Sensory Deprivation and Strange Visions in a Flotation Tank

Where would your mind wander if left alone in a dark, silent compartment filled with 10 inches of water and 800 pounds of dissolved Epsom salts?

Unless you’ve found your way into a flotation tank lately, there’s really no good way to answer that question. I recently visited Space Time Tanks in Chicago to find out for myself.


The unassuming Space Time Tanks center in an obscure medical strip mall.

What the Heck is a Flotation Tank?

Floatation tanks, also known as isolation tanks and sensory deprivation tanks, are designed to bring about a state of physical and mental relaxation and rejuvenation. They’re supposed to intensify your level of inner consciousness and boots personal powers of concentration and creativity.

According to the Space Time Tank folks, these are the benefits of floating:

  • Reduction of tension caused by stress and anxiety
  • An increased ability to visualize, create, imagine and problem-solve
  • Spontaneous reduction in or the elimination of habits, i.e. smoking
  • “Super-learning” by increasing the minds powers of retention, comprehension and original thinking
  • Peak-performance enhancement, i.e. athletic, creative, mental
  • Recovery from stress of peak output and virtual elimination of fatigue and “post-race letdown”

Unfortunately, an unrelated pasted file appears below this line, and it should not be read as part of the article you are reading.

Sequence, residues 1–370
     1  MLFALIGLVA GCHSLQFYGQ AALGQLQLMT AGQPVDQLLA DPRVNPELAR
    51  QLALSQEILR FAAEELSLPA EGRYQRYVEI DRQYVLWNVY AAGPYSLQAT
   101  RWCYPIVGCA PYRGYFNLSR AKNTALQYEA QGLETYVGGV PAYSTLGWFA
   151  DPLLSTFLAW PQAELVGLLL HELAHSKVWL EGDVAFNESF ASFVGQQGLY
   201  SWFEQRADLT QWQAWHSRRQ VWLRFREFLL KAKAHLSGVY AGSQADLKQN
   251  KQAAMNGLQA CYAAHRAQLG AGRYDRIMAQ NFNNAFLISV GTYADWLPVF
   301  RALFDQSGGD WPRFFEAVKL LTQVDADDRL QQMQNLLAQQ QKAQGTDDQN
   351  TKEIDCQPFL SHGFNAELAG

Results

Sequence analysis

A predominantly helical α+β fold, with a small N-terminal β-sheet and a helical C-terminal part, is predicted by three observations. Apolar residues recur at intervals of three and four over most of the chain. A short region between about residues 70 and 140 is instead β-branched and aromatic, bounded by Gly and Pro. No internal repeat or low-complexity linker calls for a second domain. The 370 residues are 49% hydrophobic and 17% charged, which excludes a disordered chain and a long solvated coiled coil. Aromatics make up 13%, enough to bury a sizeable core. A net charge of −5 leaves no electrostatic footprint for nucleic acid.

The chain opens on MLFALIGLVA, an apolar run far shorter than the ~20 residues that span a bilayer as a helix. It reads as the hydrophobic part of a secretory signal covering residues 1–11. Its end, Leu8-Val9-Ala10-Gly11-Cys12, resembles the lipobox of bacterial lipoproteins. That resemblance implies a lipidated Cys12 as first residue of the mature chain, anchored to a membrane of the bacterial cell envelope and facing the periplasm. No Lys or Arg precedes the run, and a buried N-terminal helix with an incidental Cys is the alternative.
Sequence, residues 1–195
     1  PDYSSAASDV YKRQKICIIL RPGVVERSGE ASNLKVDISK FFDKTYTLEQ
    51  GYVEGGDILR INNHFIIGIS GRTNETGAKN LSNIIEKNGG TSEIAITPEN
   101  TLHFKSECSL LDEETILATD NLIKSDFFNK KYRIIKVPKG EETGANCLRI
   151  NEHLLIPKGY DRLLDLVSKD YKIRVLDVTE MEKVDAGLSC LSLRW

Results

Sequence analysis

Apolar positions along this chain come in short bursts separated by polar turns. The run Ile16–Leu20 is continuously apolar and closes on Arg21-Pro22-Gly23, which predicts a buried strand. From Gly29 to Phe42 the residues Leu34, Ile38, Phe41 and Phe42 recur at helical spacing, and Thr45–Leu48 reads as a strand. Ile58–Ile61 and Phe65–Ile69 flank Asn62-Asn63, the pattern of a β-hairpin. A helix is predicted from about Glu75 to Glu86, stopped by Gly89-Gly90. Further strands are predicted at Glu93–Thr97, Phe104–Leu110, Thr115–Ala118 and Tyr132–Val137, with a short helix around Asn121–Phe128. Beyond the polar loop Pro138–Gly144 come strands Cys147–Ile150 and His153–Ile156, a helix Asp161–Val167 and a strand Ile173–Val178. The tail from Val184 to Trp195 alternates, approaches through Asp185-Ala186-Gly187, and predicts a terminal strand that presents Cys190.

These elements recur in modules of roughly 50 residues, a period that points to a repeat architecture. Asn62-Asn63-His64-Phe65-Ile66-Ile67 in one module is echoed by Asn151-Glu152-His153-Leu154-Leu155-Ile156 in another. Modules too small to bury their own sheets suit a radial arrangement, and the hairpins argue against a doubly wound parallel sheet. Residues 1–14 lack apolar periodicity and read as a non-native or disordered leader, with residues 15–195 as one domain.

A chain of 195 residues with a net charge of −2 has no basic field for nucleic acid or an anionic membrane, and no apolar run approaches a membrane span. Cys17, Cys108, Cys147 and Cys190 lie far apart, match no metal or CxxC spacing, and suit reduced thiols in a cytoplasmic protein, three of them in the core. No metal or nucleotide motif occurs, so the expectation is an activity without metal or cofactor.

How Did It Actually Work?

Now keep in mind that I had no idea I was headed to the inside of a flotation tank until I actually stepped foot in the door. My boyfriend had planned the experience as a surprise for my birthday, thinking that I would be open-minded and utterly fascinated by the whole thing. He was right.

The flotation tank waiting room

The flotation tank waiting room

Believe it or not, Space Time Tanks has been in Chicago since 1982, making it the longest running flotation center in America. After removing our shoes at the door, one of the owners led us back to a small spa-like room with a shower to explain how the tanks worked. The concept was simple: get naked, shower, get in the tank, lie down, relax, and see what happens.

Because of the incredible concentration of Epsom salts in the tanks floating on top of the water is essentially effortless. The water is about 93.5-degrees Fahrenheit and completely still inside. We were told to put in earplugs so that water didn’t get in our ears and avoid touching faces because the salt would burn pretty badly.